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The Channel Islands and the Great War
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Condon, T M

Hollybrook Memorial, Southampton

Hollybrook Memorial, Southampton

NEWS ITEM in Jersey Evening Post of Monday 3 December 1917

Tragic Incident Between the Islands - Jersey Soldier Falls Overboard - Only His Cap Recovered. A tragic incident took place on the mailboat which left here on Saturday. The vessel carried a good complement of passengers and the sea being moderately rough the majority of these found it more pleasant below, a number however selected to stay on deck, these naturally making themselves as comfortable as possible in sheltered spots. It is due to this that the tragic incident we are to relate is somewhat wrapped in mystery, it being only when one of the passengers raised the shout "man overboard" that anything was thought to be amiss. The passenger questioned stated that he had seen a soldier going over the rail, whether accidentally or intentionally is not known. The Captain at once gave the order for the steamer to be stopped and a boat was lowered in a very short time, but though the sailors rowed about for some time they could not see the unfortunate soldier who evidently had sunk at once, the only trace being his hat which was picked up. Seeing that it was useless to continue the search the lifeboat returned to the ship and was again hoisted on the davits and the steamer continued its journey. An investigation was made but up to the time of reaching the sister island the victim had not been identified. The Captain reported the facts to the proper authority and it was understood that before disembarking at the Mainland another investigation would be made to try and trace the unfortunate victim. On enquiry this morning we learned that neither the military authorities locally or the aliens officer had been informed of the incident and we consequently wired our correspondent in Southampton to ascertain any further details.

NEWS ITEM in Jersey Evening Post of Tuesday 4 December 1917

The Tragedy on the Mailboat - Victim Identified. From the information to hand it appears that the victim of the tragedy on the mail steamer between the Islands on Saturday last was Gunner T M Condon of a Heavy Battery Royal Garrison Artillery, This soldier, who is the son of Mr & Mrs Condon of Beaulieu Lodge, Wellington Road, had been at the Front since the early days of 1916 and had been twice wounded. He arrived on leave from the Front about 26 November last and it was noticed that at times he was somewhat strange in his manner. He left Jersey to return to France on Saturday and when the vessel was off the Island he was seen to be in a dangerous position in the aft portion of the ship and was remonstrated with. Later he climbed the rail near the stern and over-balancing fell into the sea, which as stated yesterday was fairly rough. Cyril Campion, an Officers Steward in the Royal Navy, was the first to notice the soldier in his precarious position and made an attempt to seize him, but unfortunately was unsuccessful, and his cap went overboard with the victim. As we stated previously the ship was put about but after a time it was obvious that the Gunner had drowned, though his cap and that of the sailor were seen. On arrival at Southampton Condon's haversack and coat were unclaimed so that all doubts of the soldier's identity were set at rest. To the parents, who have another son serving in the Royal Artillery who is now at the local Military Hospital suffering from the effects of his voluntary transfusion of blood to a wounded Anzac, we tender our sincere sympathy.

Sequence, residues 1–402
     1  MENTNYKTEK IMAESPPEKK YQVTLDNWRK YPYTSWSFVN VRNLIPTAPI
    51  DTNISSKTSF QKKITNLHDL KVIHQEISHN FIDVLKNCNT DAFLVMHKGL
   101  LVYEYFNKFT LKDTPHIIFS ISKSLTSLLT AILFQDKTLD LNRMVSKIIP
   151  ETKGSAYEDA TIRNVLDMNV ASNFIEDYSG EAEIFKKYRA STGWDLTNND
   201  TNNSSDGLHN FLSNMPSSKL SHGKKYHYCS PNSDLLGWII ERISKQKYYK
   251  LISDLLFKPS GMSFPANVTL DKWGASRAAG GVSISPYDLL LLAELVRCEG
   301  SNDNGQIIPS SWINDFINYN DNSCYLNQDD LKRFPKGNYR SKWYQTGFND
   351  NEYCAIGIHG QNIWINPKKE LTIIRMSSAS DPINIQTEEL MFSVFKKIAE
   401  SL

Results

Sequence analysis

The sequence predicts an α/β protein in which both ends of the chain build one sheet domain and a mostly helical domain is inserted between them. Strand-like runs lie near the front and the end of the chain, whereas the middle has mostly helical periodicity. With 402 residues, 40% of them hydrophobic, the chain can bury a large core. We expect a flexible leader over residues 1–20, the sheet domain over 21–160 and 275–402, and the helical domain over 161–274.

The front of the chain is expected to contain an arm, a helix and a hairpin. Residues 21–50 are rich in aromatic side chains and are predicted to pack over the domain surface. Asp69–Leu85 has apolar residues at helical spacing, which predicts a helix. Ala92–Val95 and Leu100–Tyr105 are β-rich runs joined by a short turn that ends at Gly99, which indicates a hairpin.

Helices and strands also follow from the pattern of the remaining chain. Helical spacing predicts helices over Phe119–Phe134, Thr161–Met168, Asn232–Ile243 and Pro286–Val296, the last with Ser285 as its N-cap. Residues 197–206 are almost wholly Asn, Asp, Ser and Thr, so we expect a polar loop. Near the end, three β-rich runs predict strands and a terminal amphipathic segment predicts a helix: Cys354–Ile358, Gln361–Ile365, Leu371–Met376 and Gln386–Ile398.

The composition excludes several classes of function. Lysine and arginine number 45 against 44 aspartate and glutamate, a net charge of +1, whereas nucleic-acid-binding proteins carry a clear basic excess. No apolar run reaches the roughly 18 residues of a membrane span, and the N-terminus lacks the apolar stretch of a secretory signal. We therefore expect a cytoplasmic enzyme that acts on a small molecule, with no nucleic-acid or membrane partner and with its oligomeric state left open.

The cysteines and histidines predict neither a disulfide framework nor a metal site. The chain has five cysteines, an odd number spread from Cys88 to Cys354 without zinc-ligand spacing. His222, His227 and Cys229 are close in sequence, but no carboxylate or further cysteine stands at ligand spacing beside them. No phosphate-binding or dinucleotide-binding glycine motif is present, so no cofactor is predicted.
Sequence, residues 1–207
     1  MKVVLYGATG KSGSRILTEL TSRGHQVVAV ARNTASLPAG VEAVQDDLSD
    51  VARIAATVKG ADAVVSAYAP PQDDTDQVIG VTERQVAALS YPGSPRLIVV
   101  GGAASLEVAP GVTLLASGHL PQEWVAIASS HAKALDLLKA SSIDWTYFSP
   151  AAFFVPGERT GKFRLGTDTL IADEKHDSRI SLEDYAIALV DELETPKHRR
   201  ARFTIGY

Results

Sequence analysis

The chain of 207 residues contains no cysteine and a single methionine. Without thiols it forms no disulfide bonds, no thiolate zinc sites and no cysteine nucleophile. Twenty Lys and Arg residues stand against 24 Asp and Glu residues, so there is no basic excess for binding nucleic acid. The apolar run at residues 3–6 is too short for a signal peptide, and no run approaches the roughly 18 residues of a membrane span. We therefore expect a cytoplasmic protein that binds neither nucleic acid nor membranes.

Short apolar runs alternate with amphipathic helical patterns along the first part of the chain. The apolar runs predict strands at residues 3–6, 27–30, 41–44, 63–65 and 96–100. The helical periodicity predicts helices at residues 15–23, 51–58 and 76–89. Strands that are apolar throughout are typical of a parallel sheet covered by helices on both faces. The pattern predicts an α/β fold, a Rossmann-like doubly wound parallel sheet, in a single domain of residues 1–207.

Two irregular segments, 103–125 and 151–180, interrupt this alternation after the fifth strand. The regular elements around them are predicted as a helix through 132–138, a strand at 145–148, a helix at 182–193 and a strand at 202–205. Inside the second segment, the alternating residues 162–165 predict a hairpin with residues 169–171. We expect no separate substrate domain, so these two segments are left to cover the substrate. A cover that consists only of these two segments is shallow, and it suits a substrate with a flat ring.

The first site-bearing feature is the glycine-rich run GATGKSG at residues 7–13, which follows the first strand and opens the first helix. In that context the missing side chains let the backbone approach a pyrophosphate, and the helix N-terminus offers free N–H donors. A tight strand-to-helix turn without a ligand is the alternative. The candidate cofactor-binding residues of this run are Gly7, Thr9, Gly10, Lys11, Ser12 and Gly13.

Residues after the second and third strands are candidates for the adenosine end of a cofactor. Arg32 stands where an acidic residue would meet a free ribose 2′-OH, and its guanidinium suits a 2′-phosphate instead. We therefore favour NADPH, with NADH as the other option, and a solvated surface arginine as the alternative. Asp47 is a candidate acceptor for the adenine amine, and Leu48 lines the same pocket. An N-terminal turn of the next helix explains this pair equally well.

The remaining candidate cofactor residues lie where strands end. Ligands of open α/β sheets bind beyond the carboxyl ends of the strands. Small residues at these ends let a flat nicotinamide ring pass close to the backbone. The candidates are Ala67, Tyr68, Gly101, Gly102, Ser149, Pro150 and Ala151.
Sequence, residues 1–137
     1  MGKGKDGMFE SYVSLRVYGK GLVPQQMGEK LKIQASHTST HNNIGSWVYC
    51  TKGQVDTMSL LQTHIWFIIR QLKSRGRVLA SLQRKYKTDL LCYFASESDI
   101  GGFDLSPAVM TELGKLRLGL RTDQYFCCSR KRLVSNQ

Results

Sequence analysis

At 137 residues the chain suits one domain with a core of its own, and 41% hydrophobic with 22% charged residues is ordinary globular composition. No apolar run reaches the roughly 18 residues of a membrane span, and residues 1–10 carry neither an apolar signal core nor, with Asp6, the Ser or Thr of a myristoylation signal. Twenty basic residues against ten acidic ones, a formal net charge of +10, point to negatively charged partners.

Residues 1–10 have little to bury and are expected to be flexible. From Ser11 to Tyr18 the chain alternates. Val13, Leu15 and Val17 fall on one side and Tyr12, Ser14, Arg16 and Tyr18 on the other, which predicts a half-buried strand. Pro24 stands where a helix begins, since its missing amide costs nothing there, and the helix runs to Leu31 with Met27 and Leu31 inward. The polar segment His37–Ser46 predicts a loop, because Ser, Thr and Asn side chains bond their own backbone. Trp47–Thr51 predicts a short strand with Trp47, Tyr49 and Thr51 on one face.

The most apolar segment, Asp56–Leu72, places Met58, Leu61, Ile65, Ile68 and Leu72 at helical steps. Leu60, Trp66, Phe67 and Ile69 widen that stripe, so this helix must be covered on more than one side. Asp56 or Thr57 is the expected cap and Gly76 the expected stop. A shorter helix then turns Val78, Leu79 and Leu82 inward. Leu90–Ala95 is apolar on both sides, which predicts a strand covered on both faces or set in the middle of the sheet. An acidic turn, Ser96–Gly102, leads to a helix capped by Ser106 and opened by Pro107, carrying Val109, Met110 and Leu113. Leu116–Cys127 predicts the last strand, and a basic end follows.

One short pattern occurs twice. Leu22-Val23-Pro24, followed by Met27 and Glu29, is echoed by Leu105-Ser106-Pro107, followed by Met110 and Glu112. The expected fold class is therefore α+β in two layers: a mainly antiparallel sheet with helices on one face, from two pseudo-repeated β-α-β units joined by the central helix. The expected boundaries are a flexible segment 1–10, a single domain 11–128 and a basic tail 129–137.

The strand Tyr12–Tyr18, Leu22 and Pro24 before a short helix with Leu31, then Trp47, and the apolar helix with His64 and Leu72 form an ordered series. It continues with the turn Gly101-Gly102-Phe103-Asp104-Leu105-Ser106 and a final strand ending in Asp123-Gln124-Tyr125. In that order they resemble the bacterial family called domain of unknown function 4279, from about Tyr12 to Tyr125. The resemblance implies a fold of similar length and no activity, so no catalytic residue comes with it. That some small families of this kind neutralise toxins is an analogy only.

Thomas Michael Condon

Gunner Thomas Michael Condon
349th Siege Battery, Royal Garrison Artillery

Son of Thomas and Ellen Condon, of Beaulieu Lodge, Wellington Rd., Jersey. Passed through R.A.C.D., Pimlico, as Master Cutter and Tailor.

Died, aged 24 years

Commemorated on family memorial at Almorah Cemetery, Jersey

Notice of Death appears in Jersey Evening Post of Wednesday 5 December 1917


NEWS ITEM in Guernsey Weekly Press of Saturday 8 December 1917

SOLDIER DROWNED. Fell Overboard on Journey from Jersey

A Jersey artilleryman, returning from Jersey to the front, fell overboard from a steamer whilst on the journey from Jersey to Guernsey, and was drowned. The soldier was seen near the railing about the stern of the vessel and, as his position appeared to be dangerous, was remonstrated with by other soldiers.
One soldier supplied him with a cigarette, and as the "Gunner" then appeared to be safe, moved away to another part of the ship. Shortly afterwards he heard the alarm "Man overboard". It appears that the artilleryman had again climbed the rail at the stern of the ship, and overbalanced. A sailor made an attempt to seize him as he fell but was unsuccessful and his cap fell overboard with the artilleryman.
The ship was at once brought about to the spot at which the artilleryman disappeared, and both his cap and that of the sailor were seen. A ship's boat was also swung out and manned, but although the vessel remained on the spot for about half and hour, nothing was seen of the missing man. As it was then obvious that the man must have been drowned, the journey was resumed.
It has since been discovered that the soldier was Gunner Thomas Michael Condon, R.G.A. aged 23, a native of Jersey.





Commonwealth War Graves Commission Record

Courtesy of The Guernsey Press & Priaulx Library